With all this in mind, there is hope; however, the creativity of seamstresses and tailors past is far reaching and the patterns much more complicated – as the number of skilled sewers was higher, the patterns of the swing era were more complicated and counted on the person sewing the garment to make certain dressmaking leaps in creating the garment. I say this because my mother has made me a few dresses and even though she is an extremely skilled seamstress, her experience was primarily through the streamlined silhouettes of the 1960’s and 70’s, not the draped, detailed, side zippered, crazy seamed 1930’s and 40’s. What I’m getting at is that, on top of the already unique nature of these clothes and fabrics that are no longer made, you have a skilled population who more often embraced the task of clothing design/creation and the creative challenges that go along with it. I believe those creative challenges resulted in some truly original designs – some of them may fall short, but many of them are what makes owning vintage clothing such a pleasure in our mass produced world. I often use these creative choices of the past to inspire my own reproduction creations.

AVAILABILITY

The reproductions will win this point – even though vintage comes in all sizes, for the most part, it’s one of a kind and finding something with your measurements can be difficult. For men, vintage daywear is nearly impossible to come by. Reproductions, whether mass-produced or custom, are able to be replicated in multiple sizes. With the rise of Etsy, the Vintage Pattern Lending Library, and other web-based and local tailors who have taken an interest in making reproduction garments, reproductions of swing era clothing are more available now than ever.

FIT

Fit actually works three ways in this discussion. The best way to get something fitted is to have a reproduction made for you. In my opinion, the next best fit usually comes from vintage clothing, especially if you are going for accuracy. For example, Trashy Diva, while divine, mentions in some of their garment descriptions that they have raised the waist line to a more empire waist, which is neither period appropriate nor the most flattering cut if you have an hourglass shape or a small waist. Other reproduction makers will cut corners, either with tailoring or fabrics (stretch fabric, while sometimes helpful for movement, does not make a garment FIT any better if the garment is ill cut), to make a one shape fits all silhouette which really only flatters a certain body type that most of us do not have. Vintage garments are usually constructed in such a way that they can be modified, while mass produced reproductions are made without ample hems to be let out or seams that are surged and tight, without that extra 1/2 inch or inch of fabric that might be available to be let out to make something fit just right.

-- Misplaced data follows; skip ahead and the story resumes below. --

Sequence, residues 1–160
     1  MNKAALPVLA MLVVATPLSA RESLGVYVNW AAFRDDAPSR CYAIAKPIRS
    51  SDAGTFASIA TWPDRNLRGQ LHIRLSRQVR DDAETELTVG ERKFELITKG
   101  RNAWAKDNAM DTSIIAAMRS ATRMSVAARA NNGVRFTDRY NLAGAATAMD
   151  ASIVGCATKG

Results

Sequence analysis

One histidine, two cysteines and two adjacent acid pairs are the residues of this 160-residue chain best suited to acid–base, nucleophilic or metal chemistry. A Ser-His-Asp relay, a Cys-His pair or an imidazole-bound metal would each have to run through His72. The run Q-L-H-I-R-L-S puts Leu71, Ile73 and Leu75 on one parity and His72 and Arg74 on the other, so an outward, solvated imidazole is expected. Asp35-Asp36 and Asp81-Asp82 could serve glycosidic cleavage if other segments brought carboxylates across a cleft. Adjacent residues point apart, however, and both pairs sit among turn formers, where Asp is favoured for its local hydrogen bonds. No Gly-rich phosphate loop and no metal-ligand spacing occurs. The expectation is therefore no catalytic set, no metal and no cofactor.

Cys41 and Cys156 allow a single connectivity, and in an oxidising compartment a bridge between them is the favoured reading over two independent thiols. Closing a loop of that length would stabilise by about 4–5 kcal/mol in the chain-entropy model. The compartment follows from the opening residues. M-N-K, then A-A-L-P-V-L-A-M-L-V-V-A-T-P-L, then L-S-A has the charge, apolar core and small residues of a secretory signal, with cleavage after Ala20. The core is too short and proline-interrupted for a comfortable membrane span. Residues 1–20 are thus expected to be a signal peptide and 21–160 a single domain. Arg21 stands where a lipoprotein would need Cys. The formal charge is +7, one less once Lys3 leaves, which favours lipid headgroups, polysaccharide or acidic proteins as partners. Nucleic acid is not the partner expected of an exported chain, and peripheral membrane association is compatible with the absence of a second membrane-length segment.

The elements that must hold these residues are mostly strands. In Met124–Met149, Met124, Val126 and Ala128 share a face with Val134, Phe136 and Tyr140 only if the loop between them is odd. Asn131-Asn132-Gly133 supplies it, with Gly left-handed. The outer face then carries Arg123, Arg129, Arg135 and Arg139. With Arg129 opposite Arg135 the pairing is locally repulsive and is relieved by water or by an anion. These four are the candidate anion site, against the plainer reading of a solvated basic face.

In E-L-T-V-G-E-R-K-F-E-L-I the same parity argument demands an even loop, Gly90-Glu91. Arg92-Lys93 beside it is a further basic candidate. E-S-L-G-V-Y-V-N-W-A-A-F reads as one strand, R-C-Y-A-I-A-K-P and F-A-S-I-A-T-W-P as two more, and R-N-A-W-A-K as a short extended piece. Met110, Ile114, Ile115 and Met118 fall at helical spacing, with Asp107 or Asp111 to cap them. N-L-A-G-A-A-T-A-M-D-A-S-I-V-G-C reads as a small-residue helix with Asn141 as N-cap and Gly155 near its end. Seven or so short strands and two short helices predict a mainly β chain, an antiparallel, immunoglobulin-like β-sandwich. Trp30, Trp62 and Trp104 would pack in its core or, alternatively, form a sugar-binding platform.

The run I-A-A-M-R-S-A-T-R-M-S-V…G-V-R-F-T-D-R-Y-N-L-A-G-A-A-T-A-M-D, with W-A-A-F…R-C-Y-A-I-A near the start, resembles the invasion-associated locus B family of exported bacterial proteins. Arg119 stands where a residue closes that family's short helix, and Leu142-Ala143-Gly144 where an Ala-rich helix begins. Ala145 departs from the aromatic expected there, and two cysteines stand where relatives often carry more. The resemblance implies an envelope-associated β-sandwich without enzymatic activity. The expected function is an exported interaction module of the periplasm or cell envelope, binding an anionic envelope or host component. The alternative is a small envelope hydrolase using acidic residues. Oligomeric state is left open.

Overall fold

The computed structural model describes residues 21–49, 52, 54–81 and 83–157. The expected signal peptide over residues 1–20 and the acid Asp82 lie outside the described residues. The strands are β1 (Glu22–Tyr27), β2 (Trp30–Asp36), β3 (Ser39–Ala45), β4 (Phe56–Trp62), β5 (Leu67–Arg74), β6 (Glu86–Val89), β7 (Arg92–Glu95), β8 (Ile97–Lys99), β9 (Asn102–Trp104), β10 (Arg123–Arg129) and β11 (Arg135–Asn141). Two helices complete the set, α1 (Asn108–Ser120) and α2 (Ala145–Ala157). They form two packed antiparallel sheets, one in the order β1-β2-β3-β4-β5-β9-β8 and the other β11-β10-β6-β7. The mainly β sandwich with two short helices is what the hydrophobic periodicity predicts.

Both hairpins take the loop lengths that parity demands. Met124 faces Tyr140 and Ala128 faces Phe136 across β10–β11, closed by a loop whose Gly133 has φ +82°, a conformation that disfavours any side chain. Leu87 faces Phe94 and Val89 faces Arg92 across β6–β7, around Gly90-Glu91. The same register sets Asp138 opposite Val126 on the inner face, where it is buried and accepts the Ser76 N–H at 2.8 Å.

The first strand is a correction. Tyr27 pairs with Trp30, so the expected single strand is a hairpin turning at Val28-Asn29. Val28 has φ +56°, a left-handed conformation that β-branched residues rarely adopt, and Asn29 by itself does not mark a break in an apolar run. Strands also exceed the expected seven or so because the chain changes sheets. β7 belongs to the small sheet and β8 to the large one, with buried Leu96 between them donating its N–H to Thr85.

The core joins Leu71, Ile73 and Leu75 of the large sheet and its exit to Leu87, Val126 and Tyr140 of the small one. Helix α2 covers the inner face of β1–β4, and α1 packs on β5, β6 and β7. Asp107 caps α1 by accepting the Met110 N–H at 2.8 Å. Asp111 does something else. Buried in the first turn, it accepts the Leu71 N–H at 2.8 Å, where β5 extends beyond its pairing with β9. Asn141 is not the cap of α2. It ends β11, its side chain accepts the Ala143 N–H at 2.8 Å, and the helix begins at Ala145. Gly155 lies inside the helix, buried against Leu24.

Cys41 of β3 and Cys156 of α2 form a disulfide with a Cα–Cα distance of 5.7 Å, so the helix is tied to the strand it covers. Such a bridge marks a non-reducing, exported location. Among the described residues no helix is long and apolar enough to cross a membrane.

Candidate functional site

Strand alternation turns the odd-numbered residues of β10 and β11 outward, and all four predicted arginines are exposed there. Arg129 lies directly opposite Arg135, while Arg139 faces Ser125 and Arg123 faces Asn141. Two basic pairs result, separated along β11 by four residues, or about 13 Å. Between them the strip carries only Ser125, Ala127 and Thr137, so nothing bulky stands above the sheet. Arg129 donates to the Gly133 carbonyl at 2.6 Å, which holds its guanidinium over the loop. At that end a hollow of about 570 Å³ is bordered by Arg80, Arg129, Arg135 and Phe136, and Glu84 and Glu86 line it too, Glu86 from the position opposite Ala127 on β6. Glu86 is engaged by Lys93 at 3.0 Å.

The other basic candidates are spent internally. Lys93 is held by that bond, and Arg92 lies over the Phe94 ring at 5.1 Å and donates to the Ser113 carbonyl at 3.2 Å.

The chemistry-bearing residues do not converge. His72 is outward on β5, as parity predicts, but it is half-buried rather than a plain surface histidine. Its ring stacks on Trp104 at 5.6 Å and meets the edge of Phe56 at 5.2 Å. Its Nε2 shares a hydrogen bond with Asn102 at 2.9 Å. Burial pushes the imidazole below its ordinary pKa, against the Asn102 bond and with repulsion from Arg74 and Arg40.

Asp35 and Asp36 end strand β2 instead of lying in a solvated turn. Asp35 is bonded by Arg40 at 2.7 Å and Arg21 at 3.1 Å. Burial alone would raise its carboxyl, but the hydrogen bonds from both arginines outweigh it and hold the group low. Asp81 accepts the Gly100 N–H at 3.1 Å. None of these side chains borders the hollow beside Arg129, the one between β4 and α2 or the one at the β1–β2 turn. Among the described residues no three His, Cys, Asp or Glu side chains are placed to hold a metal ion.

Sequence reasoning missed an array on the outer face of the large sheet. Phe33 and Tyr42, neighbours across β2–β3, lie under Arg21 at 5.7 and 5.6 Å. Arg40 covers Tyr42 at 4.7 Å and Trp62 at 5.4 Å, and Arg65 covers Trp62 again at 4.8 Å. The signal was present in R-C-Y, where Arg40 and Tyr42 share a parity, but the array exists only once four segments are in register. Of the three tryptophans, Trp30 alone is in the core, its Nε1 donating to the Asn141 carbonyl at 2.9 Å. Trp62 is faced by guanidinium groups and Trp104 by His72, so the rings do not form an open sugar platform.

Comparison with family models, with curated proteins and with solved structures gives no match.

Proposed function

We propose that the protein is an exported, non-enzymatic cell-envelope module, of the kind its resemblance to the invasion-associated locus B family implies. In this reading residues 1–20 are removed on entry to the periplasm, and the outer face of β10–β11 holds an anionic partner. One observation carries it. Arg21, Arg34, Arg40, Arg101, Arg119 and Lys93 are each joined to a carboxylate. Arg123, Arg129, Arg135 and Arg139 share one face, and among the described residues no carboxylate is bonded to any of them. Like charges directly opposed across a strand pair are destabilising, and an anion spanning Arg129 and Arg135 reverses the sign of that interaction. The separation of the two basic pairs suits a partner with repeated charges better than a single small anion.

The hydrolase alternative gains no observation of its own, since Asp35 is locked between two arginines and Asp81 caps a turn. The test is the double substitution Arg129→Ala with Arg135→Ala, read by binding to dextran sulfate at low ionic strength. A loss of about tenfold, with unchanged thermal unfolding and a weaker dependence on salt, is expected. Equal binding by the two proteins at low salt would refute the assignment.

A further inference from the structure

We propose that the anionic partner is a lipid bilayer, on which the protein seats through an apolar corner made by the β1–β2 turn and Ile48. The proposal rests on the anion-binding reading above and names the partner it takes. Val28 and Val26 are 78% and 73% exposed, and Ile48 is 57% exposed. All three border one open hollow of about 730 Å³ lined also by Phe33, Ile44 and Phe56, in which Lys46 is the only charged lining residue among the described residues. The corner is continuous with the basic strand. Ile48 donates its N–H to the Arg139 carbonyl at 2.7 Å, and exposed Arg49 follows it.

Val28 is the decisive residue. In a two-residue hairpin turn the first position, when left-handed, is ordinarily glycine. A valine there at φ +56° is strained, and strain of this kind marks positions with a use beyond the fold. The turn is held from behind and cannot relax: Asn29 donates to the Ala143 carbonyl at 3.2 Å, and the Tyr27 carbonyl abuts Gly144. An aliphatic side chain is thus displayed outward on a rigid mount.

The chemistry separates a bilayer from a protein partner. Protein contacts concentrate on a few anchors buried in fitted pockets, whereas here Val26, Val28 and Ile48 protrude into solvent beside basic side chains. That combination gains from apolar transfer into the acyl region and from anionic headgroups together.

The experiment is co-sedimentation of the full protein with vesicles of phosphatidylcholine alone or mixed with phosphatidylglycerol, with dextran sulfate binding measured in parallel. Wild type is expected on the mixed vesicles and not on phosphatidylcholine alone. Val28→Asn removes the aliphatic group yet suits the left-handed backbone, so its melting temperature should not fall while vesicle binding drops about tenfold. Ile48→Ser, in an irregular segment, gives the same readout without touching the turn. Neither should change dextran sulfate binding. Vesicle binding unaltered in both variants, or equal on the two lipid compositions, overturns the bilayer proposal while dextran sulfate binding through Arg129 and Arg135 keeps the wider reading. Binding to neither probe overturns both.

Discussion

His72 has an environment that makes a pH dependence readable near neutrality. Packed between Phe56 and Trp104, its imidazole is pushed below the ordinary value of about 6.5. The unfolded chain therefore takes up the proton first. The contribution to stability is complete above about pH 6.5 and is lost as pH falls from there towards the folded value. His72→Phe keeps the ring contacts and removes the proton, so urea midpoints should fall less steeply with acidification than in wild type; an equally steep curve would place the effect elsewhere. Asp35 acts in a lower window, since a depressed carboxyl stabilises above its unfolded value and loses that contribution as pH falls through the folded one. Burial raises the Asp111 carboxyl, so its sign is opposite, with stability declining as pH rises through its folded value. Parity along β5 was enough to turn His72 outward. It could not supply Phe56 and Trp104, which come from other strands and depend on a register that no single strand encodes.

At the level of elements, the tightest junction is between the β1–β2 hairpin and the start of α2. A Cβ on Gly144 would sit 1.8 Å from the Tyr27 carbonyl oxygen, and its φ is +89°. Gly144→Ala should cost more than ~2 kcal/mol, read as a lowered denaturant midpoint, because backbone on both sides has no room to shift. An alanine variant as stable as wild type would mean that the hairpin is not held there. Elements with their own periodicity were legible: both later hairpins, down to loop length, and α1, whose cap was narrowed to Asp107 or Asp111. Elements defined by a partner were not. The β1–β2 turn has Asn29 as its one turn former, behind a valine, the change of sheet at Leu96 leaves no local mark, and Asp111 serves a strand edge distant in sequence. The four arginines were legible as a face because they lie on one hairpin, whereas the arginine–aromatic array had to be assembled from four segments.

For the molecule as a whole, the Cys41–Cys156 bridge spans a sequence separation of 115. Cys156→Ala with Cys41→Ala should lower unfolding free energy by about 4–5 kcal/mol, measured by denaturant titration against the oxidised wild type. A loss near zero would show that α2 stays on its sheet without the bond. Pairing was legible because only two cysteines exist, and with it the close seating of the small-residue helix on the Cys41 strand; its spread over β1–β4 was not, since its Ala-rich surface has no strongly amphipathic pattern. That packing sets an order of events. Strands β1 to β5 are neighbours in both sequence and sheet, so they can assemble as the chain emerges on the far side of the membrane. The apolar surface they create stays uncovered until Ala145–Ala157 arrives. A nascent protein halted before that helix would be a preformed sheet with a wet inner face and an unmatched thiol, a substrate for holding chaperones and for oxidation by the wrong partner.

SUITABLENESS FOR DANCING

This can be pretty garment-specific, or even year-specific. I don’t see a lot of early 1930’s reproductions because the hemlines were lower and some of the skirt shapes not necessarily movement-friendly. When using an early 1930’s pattern to create a reproduction, I usually ask that the hemline fall just below the knee, instead of at mid-calf level so when I dance and compete people can see my legs. The designs of the late 1930’s through 1950’s are, overall, pretty dance friendly and I think most reproduction swing dance garments draw from this time frame. Reproductions usually come in more wash and wear fabrics, which is helpful to dancers because we sweat a lot. Only a handful of reproductions I’ve encountered seem to have issues with dance-ability, usually relating to fabric choice (silky/slippery, wool, synthetics that don’t breathe) or the cut of the sleeve or arm hole – I always do an over the head test with my arm to test a garment’s range of movement.

COST

Overall, vintage clothing is cheaper than buying a reproduction. There are obvious exceptions to this rule, but generally, if a vintage dress costs more than the reproduction, it’s probably not something you’d want to wear to a dance to sweat in because it’s a quality piece. Most of the vintage I purchase for dancing is less expensive because it’s a common silhouette, in a common (usually durable) fabric, and it’s second-hand goods. Because it costs less, I won’t feel so bad if something happens to it on the dance floor. With reproductions, you are paying for the labor and fabric with today’s costs of producing, distributing, and marketing the garment. However, that added cost can mean piece of mind if you are truly concerned about ruining something vintage or if you are particularly rough on your clothing.

I’m sure there are other pros and cons and I’d love to hear your thoughts on this topic – feel free to chime in or let me know if you have any questions.